Many artists and intellectuals, mostly from Northern Europe, came to the colony, attracted not only by the mountain’s magnetism but also by the surrounding nature. Gaining inspiration in the company of great minds, no doubt many great works of art were the end result. For example, it was the meeting place of the Dadaists from the North, and Rudolf von Laban, the German expressionist pioneer of modern dance.
Today, Monte Verità is a hotel and restaurant with a special Japanese tea garden on the premises. There is also a museum where one can peruse the art collection of the former owner, Baron Von Der Heydt, who bought the location as a private residence in 1926. And who can miss the famous “Russian House”, now part of the museum grounds, which housed Russian students after the Revolution of 1905?
According to researcher Christine Eggenberg, “although no lasting and distinctive art form came into being, the influence of this offbeat resort in Southern Switzerland is reflected in nearly every work of fiction or art created during this period.” If you enjoy the thought of visiting a place where famous artists such as Herman Hesse, Paul Klee, and Isadora Duncan once called home, you will enjoy a stroll here among nature, taking in all the intellectual and artistic energy from great minds of the past.
Ox-Bow, Michigan, United States
I visited Ox-Bow many years ago when I was still a senior in high school. After all these years, I can still remember the inspired feeling I had when I entered the grounds. It’s located in Saugatuck, a quaint little town on what is known as the “Art Coast of Michigan”. This artist colony has a school, a museum, a summer camp for children, and of course, still functions as a colony for artists to live and work together. The thing I loved most about the place was the glass-blowing studio. What a wonderful art!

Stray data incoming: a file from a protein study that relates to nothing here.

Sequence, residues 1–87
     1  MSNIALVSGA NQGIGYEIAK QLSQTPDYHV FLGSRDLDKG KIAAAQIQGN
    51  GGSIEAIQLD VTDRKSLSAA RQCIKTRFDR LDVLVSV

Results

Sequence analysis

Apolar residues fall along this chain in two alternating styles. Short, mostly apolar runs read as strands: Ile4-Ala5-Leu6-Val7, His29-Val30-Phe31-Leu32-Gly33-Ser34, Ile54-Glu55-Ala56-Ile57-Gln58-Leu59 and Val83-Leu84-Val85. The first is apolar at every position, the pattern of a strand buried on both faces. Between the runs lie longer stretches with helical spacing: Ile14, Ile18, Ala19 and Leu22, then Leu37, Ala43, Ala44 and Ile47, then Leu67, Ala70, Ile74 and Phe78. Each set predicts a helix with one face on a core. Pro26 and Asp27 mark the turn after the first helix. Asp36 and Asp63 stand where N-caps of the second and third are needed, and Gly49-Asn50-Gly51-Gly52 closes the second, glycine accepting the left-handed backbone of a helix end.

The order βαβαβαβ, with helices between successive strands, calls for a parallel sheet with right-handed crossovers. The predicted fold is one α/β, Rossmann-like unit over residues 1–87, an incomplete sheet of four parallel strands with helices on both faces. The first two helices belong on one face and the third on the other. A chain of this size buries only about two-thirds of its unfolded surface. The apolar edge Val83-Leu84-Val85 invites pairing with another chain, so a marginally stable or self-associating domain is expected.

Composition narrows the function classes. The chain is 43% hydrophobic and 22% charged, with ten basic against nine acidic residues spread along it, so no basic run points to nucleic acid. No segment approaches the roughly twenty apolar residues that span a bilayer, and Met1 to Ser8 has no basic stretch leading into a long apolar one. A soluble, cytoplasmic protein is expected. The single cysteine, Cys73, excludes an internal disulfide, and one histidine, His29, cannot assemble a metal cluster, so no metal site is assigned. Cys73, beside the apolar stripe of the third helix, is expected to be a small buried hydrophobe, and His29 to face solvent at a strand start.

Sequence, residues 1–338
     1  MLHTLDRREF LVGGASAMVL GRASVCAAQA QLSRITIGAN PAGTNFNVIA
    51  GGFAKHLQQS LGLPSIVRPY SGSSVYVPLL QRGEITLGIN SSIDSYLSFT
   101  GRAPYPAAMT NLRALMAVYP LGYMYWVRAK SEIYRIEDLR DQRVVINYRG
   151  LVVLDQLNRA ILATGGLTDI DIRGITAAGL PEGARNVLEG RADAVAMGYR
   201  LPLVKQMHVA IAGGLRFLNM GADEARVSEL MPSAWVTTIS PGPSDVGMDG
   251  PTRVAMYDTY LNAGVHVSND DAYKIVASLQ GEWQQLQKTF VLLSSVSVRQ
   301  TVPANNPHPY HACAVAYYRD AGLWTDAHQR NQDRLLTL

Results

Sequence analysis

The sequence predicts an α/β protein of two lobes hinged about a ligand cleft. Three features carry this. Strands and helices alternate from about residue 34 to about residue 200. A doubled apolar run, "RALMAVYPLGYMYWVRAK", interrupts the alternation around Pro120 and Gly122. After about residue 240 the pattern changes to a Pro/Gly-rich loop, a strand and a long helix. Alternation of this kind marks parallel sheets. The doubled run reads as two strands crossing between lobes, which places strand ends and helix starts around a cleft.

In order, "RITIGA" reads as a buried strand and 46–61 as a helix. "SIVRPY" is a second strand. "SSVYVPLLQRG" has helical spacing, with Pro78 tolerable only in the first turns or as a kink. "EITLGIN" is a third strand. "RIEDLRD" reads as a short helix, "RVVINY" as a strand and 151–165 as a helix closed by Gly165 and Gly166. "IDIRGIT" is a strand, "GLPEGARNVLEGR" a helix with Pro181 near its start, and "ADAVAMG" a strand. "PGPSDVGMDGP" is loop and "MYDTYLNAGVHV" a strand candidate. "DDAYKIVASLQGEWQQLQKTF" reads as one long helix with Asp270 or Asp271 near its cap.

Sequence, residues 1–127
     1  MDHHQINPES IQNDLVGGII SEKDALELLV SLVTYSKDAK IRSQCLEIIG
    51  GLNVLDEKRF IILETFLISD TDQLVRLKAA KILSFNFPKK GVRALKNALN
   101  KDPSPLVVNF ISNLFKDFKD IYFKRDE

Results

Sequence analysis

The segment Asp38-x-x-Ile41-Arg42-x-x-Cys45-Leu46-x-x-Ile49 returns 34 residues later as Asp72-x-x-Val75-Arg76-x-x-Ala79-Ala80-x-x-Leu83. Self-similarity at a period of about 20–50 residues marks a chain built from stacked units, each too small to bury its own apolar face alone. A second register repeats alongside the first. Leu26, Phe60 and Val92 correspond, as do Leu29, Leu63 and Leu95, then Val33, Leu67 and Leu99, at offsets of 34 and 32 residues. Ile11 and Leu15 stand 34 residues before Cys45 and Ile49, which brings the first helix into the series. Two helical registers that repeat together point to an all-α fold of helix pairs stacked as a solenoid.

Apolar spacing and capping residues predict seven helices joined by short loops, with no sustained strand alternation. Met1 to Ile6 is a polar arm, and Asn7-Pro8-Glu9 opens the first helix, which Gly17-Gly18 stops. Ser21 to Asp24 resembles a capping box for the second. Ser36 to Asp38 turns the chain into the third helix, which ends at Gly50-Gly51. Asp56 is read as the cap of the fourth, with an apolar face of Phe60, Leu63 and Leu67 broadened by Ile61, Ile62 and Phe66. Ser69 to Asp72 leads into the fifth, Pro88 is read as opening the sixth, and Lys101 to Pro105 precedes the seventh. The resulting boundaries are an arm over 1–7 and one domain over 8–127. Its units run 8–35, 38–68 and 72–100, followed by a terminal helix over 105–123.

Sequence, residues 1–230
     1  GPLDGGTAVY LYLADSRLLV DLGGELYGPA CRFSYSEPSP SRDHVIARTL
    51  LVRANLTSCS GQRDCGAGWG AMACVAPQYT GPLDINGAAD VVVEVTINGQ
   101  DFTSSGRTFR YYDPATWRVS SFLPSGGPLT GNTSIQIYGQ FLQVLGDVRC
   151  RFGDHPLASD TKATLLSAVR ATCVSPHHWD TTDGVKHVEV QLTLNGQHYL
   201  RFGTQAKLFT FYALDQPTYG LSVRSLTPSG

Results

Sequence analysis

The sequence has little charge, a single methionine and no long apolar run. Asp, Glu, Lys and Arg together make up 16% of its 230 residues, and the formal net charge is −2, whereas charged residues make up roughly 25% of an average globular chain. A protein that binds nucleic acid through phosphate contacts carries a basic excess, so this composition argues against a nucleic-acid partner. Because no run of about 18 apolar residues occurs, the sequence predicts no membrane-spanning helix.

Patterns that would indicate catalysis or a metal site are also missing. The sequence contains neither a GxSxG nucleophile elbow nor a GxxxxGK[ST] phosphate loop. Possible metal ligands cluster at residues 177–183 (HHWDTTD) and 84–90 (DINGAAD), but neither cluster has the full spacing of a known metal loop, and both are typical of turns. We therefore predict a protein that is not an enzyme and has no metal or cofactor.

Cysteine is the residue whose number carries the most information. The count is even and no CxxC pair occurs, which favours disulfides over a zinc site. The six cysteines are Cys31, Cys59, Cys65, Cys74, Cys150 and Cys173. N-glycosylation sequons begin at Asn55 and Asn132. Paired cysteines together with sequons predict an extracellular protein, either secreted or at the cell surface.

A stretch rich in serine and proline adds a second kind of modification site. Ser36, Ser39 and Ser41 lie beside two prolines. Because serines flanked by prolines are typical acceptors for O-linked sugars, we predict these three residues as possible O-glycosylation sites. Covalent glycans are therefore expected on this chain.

Ox-bow, originally known as the Summer School of Painting, was founded in 1910 by a group of artists from the School of the Art Institute of Chicago. The location is perfect for artists seeking isolation and retreat from the big city. For instance, Shel Silverstein, a Chicago native, spent time at Ox-Bow, and maybe he found the motivation he needed to write his countless children’s books while surrounded by sand dunes and endless nature.
Throughout its long 128-year history, things may have changed, but one important aspect has remained: the feeling of inspiration that comes from living and working in common. And as an added bonus, this artist colony is also an accredited school so it’s possible to get college credits as well.
How’s that for inspiration?
There are hundreds, possibly thousands of artist colonies in the world. For those that need a boost of inspiration, I suggest visiting one for a day or a weekend. For those that need a more permanent solution, why not seek out an artist colony and benefit from all it has to offer? Who knows, you might end up with a beret or a pencil-thin mustache!
Erin is a travel-loving friendly introvert that lives in Europe. She studied all things Russian as an undergrad and went on the get her MA in Russian Literature. Originally from Michigan, she now spends most of her year in Switzerland. She loves editing, writing, teaching, art, history, art history, music, cats, vegan food, and speaking out about injustices. She has three adorable children and one feisty feline.